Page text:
One Year Later, Sooners Try To Erase Boise State Memories In Fiesta Bowl

For the Sooners, the mere mention of Boise State provokes a grimace

Dec. 31, 2007

SCOTTSDALE, Ariz. (AP) -Want to see a Sooner squirm?

Just say "Boise State."

Across the country, Boise State's 43-42 overtime victory in last January's Fiesta Bowl became a symbol for all that's good about college football - the underdog using zany trick plays to knock off the tradition-laden powerhouse. It's widely considered to be among the greatest bowl games in college football history.

But for the Sooners, the mere mention of Boise State provokes a grimace, a shake of the head or a roll of the eyes. And third-ranked Oklahoma has heard it a lot since returning to the desert for the Fiesta Bowl against No. 11 West Virginia on Wednesday.

"We're pretty much tired of seeing that right now," tailback Allen Patrick said. "We're coming out here to make a change."

The Sooners were the unwitting props in a bowl game that became an instant classic the moment Boise State tailback Ian Johnson scored the winning 2-point conversion on a Statue of Liberty play and proposed to his cheerleader girlfriend on national television.

One year later, the Sooners are back in the Fiesta - and they're in no mood to be the patsies in someone else's party.

"That's the first thing we talked about when we got here," Oklahoma offensive tackle Phil Loadholt said. "We don't want to have that bad taste in our mouths. It's still in there. Every time you turn on the TV, you see 'Boise State, the greatest bowl game in history.' "

Even back in Norman, a Boise-free zone, reruns of the Broncos' victory played out on television during the offseason in commercial form.

"It got old seeing all of those commercials," OU offensive coordinator Kevin Wilson said. "You could be sitting there in August and you see the highlights and say, 'Thank you for showing that again.' "

Who doesn't love Boise State?

Anyone who can recite the words to "Boomer Sooner," that's who.



One college football video game featured former Boise State quarterback Jared Zabransky on its cover. Some Sooners said they ripped it out and replaced it with a printout of former OU star Adrian Peterson, whose 25-yard run in overtime gave Oklahoma its last lead.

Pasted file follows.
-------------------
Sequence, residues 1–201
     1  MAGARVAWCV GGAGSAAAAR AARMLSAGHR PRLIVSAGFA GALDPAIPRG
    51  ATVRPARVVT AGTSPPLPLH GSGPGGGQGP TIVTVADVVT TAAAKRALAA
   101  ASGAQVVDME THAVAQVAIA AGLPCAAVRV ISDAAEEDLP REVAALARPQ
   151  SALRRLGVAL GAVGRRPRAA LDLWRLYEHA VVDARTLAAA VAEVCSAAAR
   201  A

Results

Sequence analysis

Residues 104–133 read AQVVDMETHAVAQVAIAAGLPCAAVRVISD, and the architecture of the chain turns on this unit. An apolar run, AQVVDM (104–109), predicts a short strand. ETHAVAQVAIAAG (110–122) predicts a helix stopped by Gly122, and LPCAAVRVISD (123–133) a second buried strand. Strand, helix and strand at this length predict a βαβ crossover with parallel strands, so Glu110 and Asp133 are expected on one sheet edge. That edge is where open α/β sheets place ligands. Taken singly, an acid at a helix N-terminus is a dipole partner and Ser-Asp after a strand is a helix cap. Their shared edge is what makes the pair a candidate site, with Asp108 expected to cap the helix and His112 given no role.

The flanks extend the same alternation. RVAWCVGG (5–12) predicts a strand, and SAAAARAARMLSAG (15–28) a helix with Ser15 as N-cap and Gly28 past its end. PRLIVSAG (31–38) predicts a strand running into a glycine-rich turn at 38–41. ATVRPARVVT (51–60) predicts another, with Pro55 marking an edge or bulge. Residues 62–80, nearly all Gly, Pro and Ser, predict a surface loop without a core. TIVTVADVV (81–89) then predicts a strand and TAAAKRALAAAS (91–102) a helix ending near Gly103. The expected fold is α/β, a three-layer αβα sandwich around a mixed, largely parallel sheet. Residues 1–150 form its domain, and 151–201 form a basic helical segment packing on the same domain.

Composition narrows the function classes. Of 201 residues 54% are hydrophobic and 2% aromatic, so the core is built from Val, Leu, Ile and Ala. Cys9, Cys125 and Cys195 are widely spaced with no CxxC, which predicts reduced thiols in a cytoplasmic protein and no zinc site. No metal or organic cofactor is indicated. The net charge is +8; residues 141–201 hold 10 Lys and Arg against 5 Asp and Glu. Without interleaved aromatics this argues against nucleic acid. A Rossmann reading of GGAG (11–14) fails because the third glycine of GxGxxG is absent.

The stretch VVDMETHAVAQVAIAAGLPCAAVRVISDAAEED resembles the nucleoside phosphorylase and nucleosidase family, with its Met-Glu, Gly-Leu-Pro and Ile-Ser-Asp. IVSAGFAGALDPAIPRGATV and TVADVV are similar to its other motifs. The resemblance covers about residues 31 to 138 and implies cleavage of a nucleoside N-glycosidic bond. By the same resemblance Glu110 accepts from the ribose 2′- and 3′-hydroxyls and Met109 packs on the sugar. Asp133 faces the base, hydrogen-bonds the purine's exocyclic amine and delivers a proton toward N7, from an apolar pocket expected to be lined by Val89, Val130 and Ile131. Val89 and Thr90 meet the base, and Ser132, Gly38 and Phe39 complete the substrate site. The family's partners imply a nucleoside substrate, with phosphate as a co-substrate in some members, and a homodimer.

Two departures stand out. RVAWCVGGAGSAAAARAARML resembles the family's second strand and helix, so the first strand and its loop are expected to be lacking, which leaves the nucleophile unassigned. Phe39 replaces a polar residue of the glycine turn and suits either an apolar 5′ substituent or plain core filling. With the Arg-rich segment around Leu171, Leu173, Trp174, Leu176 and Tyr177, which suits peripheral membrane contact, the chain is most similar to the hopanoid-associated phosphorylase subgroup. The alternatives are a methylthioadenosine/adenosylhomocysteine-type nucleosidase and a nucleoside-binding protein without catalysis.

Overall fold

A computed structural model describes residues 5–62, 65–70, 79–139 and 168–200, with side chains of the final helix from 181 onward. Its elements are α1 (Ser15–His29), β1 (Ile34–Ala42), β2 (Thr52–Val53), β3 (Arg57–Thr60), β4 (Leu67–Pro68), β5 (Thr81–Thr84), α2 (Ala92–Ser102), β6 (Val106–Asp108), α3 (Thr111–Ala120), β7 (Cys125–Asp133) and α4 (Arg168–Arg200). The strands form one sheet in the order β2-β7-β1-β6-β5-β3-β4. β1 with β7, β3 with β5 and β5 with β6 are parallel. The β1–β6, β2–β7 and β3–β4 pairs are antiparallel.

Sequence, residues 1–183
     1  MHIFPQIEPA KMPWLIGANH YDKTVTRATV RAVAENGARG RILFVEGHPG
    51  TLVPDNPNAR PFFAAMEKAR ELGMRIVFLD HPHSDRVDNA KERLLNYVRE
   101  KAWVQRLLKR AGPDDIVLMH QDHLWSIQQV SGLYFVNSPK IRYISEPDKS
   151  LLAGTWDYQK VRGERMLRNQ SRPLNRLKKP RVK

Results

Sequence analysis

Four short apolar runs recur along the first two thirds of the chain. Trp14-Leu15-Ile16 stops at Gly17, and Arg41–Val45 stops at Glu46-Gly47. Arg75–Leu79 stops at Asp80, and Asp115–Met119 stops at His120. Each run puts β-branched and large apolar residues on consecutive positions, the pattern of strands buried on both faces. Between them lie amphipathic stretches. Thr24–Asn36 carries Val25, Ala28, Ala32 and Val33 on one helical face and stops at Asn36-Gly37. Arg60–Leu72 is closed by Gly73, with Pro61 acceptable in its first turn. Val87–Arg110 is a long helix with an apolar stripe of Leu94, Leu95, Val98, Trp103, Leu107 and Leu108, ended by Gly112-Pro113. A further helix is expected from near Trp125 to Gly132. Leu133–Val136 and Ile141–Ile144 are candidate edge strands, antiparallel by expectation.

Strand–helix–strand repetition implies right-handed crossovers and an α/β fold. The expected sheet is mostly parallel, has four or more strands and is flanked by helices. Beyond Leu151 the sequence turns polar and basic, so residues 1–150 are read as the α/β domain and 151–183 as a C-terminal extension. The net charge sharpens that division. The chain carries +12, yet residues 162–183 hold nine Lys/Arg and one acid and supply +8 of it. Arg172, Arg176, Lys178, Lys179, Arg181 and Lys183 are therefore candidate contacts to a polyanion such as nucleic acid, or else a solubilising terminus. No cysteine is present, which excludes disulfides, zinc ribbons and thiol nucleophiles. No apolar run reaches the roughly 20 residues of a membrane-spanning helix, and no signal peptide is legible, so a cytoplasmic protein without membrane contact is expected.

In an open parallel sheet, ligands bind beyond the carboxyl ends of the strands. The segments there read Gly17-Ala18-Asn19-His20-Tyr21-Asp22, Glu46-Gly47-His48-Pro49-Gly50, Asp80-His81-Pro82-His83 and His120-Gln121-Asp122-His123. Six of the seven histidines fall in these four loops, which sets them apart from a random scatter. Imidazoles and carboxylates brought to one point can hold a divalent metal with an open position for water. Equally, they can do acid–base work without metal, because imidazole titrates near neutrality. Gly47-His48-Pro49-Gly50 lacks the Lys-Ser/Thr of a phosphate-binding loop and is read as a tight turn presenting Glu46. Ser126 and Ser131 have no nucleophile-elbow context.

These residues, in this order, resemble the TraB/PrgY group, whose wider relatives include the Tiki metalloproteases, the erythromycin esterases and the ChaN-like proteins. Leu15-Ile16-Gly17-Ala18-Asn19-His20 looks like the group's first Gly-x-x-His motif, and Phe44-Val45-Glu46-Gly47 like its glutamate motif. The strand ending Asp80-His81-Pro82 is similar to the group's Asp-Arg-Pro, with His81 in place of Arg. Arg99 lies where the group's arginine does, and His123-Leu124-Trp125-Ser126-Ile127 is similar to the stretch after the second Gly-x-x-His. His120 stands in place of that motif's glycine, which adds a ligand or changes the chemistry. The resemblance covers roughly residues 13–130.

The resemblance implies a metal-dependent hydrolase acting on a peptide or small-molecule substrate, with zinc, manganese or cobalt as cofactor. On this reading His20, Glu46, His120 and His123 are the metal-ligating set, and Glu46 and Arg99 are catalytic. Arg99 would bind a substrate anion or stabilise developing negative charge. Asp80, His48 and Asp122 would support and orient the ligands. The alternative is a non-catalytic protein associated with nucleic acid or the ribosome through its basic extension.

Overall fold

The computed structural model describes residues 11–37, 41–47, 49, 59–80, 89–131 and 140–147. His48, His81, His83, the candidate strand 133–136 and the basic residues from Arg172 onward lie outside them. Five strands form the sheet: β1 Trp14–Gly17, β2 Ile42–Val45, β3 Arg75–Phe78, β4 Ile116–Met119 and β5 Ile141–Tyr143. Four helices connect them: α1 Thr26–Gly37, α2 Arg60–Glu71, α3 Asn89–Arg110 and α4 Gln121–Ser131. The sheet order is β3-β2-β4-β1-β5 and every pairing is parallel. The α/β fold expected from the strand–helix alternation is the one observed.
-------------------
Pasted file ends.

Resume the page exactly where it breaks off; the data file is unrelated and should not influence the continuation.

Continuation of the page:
Oklahoma strong safety D.J. Wolfe called it the "Norman edition" of the game.

"It seemed like every time there was something about college games, it always showed Oklahoma in the Fiesta Bowl," OU defensive end Auston English said. "I'm getting sick and tired of seeing that. I can't wait to play this game and get rid of that memory."

But the memories have been rekindled on this trip. The Sooners last week checked into the same Scottsdale resort that they checked out of the morning after the Boise State wipeout.

Every time a Sooner steps in front of a microphone or a notebook, it seems, a reporter wants to ask about last year's fairy tale Fiesta.

No wonder the Sooners can't forget. But some of them don't want to.

"We're using that as motivation still," Wolfe said. "We turn on ESPN and they talk about bowl games, and they're showing that Statue of Liberty play. It's something where we want to erase that."

But in the Internet age, video clips have kept the Broncos' victory fresh. Asked if he had any specific memories of the game, West Virginia offensive tackle Ryan Stanchek said, "Absolutely. Who didn't watch that? The running back proposing to his girlfriend?"

The Broncos had blown an 18-point lead midway through the third quarter, then twice overcame touchdown deficits - once in the final minute and again in overtime.

They did it with a pair of plays that have become highlight-reel staples, to the Sooners' dismay.

The first came on a 50-yard hook-and-lateral pass that tied the game at 35-35 with 7 seconds to play.

The second came in overtime, after the Broncos pulled within 42-41 on a fourth-down pass from receiver Vinny Perretta to Derek Schouman. The Broncos went for two, lining up with three wide receivers to the right. Zabransky faked a pass to that side, then handed the ball behind his back to Johnson, who swept around left end and into the end zone.

"The uniqueness of that game really allowed it to linger," Wilson said.

Several Sooners say the game helped a young team mature, and it paid dividends this season.

"The situations we went through last year, including that bowl game, made us the team we are," Wilson said.

OU coach Bob Stoops has a different view.

"It had absolutely no effect on us whatsoever," Stoops said. "Go through our first four games (OU swept them by a combined 245-47) and see how much it affected us. That's one of those things - different time, different team, different circumstances. I just don't see how it equates."

It may not equate, but it certainly motivates. A victory over West Virginia might help ease the pain of losing to Boise State.

"We just want to make sure we don't lose so we have watch it on TV for the next year," wide receiver Malcolm Kelly said.